By Alan Goldenbach
Washington Post Staff Writer
Thursday, August 26, 2010; 10:42 PM
Coach the Coolidge football team? Not a chance, Natalie Randolph told the school administration when the science teacher was first asked last winter.
"I wasn't ready to be a head coach," she said.
When the school persisted, Randolph knew that if she was going to do what few women nationwide had ever tried, she would need plenty of help.
While the 30-year-old Randolph will absorb the glare of the spotlight Friday when Coolidge opens its season at home against Carroll, standing in the shadows will be a staff of 10 assistants with varied backgrounds, ready to help the former wide receiver for the D.C. Divas women's professional team navigate a coaching playbook that extends far beyond post patterns and zone blitzes.
"I chose people who I could trust," she said of her staff, which is typical in size for area teams.
Aside from finding her comfort zone in just her third season as a coach (she worked with the receivers in 2006 and 2007 at H.D. Woodson), Randolph has had plenty of off-the-field issues to tend to, including a media glare that has intensified over the past five months. The school has received credential requests for Friday's game from all four local broadcast television stations, HBO, ESPN, the New York Times, Los Angeles Times and even Forbes magazine, among others.
"It's a billion times tougher than what I had to go through," said Coolidge offensive coordinator Torrance Dawkins, comparing Randolph's job to his tenure as head coach at Theodore Roosevelt in 2006 and 2007. "But she has more people with her than I did. And she has guys that want her to be successful. A lot of times, guys are looking to take your job."
Randolph anticipated her hiring would bring media attention. Handling the scrutiny, in addition to the responsibilities of being a head coach, made her uneasy about taking the job.
She reached out to a close friend at Coolidge, special education teacher Keino Wilson, for guidance. Wilson, who had coached boys' basketball at Spingarn and Woodson, called the one person who he knew could ease Randolph's concerns - longtime Woodson football and girls' basketball coach Bob Headen, 70, who spent 28 years as a head coach before stepping down in 1999.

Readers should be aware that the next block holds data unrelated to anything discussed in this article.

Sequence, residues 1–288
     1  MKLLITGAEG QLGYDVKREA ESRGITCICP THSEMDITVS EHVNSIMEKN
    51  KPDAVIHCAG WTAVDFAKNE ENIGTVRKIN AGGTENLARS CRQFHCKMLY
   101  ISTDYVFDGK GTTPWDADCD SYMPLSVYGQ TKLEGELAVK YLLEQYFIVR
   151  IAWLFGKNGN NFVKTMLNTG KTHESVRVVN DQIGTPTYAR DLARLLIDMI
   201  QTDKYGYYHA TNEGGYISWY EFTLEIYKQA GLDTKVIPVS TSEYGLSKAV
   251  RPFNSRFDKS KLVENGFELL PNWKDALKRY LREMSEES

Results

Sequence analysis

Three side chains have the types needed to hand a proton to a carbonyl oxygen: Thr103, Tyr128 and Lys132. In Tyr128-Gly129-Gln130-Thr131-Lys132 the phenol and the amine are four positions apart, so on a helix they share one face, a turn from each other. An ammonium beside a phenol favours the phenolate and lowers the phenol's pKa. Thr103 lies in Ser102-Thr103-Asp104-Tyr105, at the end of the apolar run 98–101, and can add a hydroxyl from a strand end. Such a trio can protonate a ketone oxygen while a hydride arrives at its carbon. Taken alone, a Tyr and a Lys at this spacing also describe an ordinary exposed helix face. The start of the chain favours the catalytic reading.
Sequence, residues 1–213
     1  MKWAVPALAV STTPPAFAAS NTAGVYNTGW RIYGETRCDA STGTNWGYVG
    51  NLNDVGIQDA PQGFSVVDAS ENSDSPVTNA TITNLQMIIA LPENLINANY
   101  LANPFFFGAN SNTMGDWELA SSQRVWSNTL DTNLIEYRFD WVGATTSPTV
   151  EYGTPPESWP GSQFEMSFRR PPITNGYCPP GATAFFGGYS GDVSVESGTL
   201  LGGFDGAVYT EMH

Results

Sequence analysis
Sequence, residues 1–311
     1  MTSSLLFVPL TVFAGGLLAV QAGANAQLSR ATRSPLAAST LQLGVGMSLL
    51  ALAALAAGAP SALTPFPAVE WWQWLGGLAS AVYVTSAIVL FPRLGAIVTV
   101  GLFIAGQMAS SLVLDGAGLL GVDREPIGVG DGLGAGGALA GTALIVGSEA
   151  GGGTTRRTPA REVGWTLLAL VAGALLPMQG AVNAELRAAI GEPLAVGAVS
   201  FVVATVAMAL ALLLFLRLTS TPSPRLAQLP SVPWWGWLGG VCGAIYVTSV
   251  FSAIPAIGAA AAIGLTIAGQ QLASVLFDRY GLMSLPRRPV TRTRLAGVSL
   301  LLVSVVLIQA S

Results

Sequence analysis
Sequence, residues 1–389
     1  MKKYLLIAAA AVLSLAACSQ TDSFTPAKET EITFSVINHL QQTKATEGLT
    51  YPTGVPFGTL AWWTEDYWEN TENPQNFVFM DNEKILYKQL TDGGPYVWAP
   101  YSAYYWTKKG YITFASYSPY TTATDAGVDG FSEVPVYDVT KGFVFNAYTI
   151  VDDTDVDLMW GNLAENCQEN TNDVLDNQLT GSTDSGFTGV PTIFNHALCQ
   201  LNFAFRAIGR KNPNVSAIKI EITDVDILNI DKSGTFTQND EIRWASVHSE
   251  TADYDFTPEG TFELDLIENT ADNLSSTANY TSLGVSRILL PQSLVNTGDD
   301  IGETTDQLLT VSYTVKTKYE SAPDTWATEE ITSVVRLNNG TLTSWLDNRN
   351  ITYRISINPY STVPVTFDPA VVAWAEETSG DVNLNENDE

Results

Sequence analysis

"You tell her," Headen told Wilson, "that if she gets the job, I'll come help her."
After Wilson relayed the offer to Randolph, she called Headen, who was also on the Woodson staff when Randolph made her coaching debut in 2006. Headen was impressed with Randolph's know-how, organization and energy that season.
Randolph asked Headen if he was serious about the offer.
Headen said he was, and the next day, Randolph told the Coolidge administration she would interview, confident that with Headen aboard, she could build a staff that could give her all the backing she needed.
"It's not just X's and O's," said Headen, who won 284 games and eight league championships as Woodson's football coach. "It's strategy. It's working with the administration. It's working with the athletic department.
"When she got the job, the toughest thing was getting her to know the rules and regulations of DCPS, knowing how to get kids and build a program. Then you add on that a lot of people didn't want to be dealing with a woman. It was a lot to deal with."
With all the attention focused on Randolph and the Coolidge program, there was hardly a shortage of candidates to fill the Colts' staff. Plenty wanted a piece of the spotlight, and Wilson watched Randolph study the applicants' intentions last spring.
"A lot of people called me trying to help get them jobs," said Wilson, who was named Coolidge's athletic director last week, "and I told [Randolph], 'Just pick people who are going to be loyal to you.'
"She can see through people, and that's the greatest thing about her in her position."
Among her assistants are those with experience as high school head coaches (Headen and Dawkins), high school assistants (defensive line coach Heywood King and linebackers coach John Marlow), a player (quarterback coach Lisa Horton, who faced Randolph in the Independent Women's Football League for the Pittsburgh Passion) and a former Divas assistant (defensive coordinator Shedrick Young).
"We've got a good mix of coaches, a good mix of personalities," Coolidge senior Daniel West said. "They all bring a little something different."
Headen said he never had a staff of more than six, because he liked to be involved with every aspect of the team; he called all the plays, and the defensive alignments. With him aboard, several coaches at other D.C. schools, recognizing Headen's thirst for winning and control, have said privately that he is calling all the shots, and Randolph is just a figurehead.
"A lot of people see me and say, 'Oh, it's your team,' " Headen said. "Well, I tell them, 'Come by practice and watch.' It's her team."
Whether it's a practice or game-planning session, Randolph's role among her staff is not domineering. She picks her spots to inject comment or instruction, and, with so many other responsibilities off the field, she has the confidence to allow her assistants to run certain parts of practice.
"I wanted to do everything," Headen said. "Natalie's not that kind of a coach. She doesn't want to do everything. She just wants to manage everything. I told her, 'You just worry about the academics, and we'll take care of everything else,' She's learning fast."
The size of her staff, plus her insistence upon improving the team's academic record, mean Randolph runs the Colts like a CEO.
"There are a lot of things I wish I could've done when I was a head coach that she's getting able to do," Dawkins said. "She can just direct, and then drop in and help a kid who needs it."
It's the only way Coolidge could have arrived at Friday's game ready to go.
"We're going to be prepared. We're going to be organized," Randolph said. "I can control that. I can't control the other things."